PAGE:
AMOS: He says he has more to tell and is set to testify again at the United Nations in September. He knows he was lucky to get his family safely to Germany, but the price is more than the bribes he paid to get them all out of Syria. His memories always return at night, and like many trauma survivors, the present seems unsafe, and the past is always present.

INSKEEP: Wow. Powerful reporting there from NPR's Deborah Amos, who's still with us. And Deb, human rights advocates now have a decade's experience investigating in Syria. This is a man with a decade's worth of information. How have they applied that experience elsewhere?

AMOS: So he was part of one historic trial in Germany. There are two more against Syrians, but so much of this now has to do with Ukraine. European governments expanded their war crimes units. They had prosecutors who had special skills. They are now experienced in war crimes trials, even open source investigations. And that's using data from social media, satellite photos, smartphone videos as evidence. All that sort of began in Syria and has been expanded. There's different groups who got their start in Syria. Bellingcat is the most well known who does this kind of work, and they are working in Ukraine. There's another group called Syrian Archive. They're based in Berlin, run by Syrians. They have been collecting social media posts from the war in Syria. Now they are working with Ukraine. They are the ones who are storing this data to turn it into evidence for war crimes trials. There are now protocols to do this - has to do with chain of custody. Where was the image taken? Is the metadata still on the web? Syrian Archive learned how to do that over the years for what they needed to do in Syria, and now they're doing it for Ukraine.

INSKEEP: Well, we're just getting around to prosecutions, though, in Syria after a decade. Is there a similar timeline ahead of us for Ukraine?

AMOS: Because of all that work done on Syria, it is moving a lot faster - 10 years for Syria, less than 10 days for the first investigations from the Germans, from the French, from the International Criminal Court - takes place in Ukraine almost as soon as Russian troops crossed the border into the country. There have been domestic war crimes trials in Ukraine. The holdup now is what will be the platform for an international tribunal. Does it go through the United Nations? Does it go through the European Union? Or does it stay as a domestic trial inside Ukraine? And I think those questions have not been settled yet.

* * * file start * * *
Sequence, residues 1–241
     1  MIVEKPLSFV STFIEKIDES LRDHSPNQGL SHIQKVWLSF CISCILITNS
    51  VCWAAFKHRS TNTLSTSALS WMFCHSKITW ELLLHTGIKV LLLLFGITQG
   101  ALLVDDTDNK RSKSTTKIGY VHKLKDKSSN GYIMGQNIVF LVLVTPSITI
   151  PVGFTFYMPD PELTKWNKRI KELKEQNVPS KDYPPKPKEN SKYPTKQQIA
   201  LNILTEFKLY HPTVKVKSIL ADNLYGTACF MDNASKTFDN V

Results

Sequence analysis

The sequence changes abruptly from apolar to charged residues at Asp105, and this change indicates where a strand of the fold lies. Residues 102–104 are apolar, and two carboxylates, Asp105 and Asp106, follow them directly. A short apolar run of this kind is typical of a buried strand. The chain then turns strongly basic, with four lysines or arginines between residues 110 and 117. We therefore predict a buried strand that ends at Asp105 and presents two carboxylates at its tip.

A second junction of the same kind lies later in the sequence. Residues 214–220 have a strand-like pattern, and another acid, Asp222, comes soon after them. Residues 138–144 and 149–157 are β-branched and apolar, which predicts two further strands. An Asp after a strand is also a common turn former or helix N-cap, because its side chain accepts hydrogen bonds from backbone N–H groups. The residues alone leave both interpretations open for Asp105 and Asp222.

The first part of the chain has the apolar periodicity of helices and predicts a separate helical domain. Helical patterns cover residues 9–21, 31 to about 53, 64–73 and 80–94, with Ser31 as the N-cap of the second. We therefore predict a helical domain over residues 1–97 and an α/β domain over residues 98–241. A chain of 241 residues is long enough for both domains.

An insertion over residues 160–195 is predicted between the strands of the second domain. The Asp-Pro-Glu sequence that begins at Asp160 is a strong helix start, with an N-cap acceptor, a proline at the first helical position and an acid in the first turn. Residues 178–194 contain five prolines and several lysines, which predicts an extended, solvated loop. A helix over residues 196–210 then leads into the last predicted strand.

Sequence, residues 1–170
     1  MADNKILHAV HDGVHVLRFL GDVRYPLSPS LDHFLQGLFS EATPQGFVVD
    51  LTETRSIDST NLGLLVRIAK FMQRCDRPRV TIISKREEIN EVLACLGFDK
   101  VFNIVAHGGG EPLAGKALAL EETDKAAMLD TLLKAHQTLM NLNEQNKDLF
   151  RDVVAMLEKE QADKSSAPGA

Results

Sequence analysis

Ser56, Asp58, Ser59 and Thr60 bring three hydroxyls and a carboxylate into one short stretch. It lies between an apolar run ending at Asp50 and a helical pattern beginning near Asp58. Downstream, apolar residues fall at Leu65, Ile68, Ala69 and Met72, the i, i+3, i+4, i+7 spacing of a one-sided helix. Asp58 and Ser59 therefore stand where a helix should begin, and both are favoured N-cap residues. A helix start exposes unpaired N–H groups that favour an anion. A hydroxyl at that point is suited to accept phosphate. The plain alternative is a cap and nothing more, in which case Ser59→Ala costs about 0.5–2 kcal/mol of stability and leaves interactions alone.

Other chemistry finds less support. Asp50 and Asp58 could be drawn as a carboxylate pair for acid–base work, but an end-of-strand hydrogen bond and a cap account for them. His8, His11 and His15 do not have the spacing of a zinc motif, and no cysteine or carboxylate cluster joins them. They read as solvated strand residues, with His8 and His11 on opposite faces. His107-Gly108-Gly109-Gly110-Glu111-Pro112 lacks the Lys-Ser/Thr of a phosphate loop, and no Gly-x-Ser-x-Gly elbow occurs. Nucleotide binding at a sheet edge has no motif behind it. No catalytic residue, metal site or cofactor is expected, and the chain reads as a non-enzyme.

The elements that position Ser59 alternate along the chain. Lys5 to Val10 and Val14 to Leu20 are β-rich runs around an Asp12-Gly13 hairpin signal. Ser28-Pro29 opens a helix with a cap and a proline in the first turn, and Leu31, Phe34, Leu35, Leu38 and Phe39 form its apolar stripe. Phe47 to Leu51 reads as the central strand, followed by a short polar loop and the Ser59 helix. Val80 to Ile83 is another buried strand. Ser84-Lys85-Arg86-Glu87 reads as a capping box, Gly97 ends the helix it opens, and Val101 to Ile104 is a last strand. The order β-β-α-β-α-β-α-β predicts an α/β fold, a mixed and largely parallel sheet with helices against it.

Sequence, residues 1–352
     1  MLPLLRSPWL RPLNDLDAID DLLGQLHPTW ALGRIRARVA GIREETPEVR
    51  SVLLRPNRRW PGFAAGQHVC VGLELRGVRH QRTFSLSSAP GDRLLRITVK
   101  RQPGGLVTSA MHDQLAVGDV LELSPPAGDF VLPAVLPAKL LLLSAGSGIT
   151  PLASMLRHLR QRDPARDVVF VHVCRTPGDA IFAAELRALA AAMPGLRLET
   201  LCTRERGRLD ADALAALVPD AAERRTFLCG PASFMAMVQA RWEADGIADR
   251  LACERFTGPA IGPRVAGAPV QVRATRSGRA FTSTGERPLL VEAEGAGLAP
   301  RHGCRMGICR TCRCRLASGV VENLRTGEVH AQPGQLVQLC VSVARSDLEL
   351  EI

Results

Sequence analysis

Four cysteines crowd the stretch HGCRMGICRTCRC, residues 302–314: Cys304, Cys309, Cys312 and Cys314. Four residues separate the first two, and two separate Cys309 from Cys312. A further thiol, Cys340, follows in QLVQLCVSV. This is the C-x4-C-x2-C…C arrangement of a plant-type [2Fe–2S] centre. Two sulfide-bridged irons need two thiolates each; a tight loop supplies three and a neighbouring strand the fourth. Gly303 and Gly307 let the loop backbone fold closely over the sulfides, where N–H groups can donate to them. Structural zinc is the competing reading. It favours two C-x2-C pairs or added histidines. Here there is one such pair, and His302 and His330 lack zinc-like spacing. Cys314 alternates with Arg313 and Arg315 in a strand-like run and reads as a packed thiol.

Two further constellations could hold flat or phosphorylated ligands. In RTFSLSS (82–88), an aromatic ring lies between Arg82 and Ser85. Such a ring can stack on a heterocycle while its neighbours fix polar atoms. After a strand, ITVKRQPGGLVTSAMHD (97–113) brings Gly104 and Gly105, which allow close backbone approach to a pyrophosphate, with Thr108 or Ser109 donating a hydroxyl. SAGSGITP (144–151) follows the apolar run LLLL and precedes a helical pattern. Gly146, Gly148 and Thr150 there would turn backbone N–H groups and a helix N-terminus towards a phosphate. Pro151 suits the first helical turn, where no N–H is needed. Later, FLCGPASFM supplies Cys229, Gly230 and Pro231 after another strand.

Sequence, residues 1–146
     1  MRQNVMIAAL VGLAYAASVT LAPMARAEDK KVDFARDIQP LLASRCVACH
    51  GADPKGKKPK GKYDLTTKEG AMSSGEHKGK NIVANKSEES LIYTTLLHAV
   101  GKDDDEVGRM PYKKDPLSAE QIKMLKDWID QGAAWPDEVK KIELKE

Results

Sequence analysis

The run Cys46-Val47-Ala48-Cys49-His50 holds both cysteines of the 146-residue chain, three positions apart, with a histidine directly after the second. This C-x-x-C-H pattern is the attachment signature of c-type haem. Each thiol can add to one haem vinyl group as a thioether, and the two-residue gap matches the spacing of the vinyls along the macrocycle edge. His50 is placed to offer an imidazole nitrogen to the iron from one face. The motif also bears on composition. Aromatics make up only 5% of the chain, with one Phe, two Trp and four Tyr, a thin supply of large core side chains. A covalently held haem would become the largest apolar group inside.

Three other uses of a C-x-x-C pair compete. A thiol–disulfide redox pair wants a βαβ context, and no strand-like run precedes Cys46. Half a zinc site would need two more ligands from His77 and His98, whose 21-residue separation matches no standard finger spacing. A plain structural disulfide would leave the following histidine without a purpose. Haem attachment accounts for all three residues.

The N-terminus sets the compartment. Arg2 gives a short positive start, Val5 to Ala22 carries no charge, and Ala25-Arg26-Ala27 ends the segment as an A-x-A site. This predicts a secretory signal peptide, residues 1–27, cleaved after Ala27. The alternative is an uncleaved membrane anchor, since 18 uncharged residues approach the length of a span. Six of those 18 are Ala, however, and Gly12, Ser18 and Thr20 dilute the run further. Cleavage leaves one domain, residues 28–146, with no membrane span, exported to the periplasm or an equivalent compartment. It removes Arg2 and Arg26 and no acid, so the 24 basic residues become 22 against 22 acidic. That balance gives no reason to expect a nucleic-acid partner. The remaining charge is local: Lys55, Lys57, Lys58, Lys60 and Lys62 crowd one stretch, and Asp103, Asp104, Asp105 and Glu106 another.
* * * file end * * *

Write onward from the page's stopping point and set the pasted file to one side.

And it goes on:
INSKEEP: All this must be a tremendously different world than when you were covering conflicts before the time of social media 15, 20, 30 years ago.

AMOS: Correct. I think that the most interesting thing for me is to see how important this social media component is and how in some ways it empowers people on the ground. They are documenting their own war crimes. They've been through hell and back. But the idea that you are not so much a victim but a survivor, that you have a voice in these trials - and I think that will be important. It's certainly been important for the Syrians who've been able to testify. They feel like survivors and not victims. They feel like they have a voice in the narrative of the conflict that has defined their generation and their country.

INSKEEP: NPR's Deborah Amos, thanks so much.

AMOS: Thank you.

(SOUNDBITE OF MUSIC) Transcript provided by NPR, Copyright NPR.

Deb Amos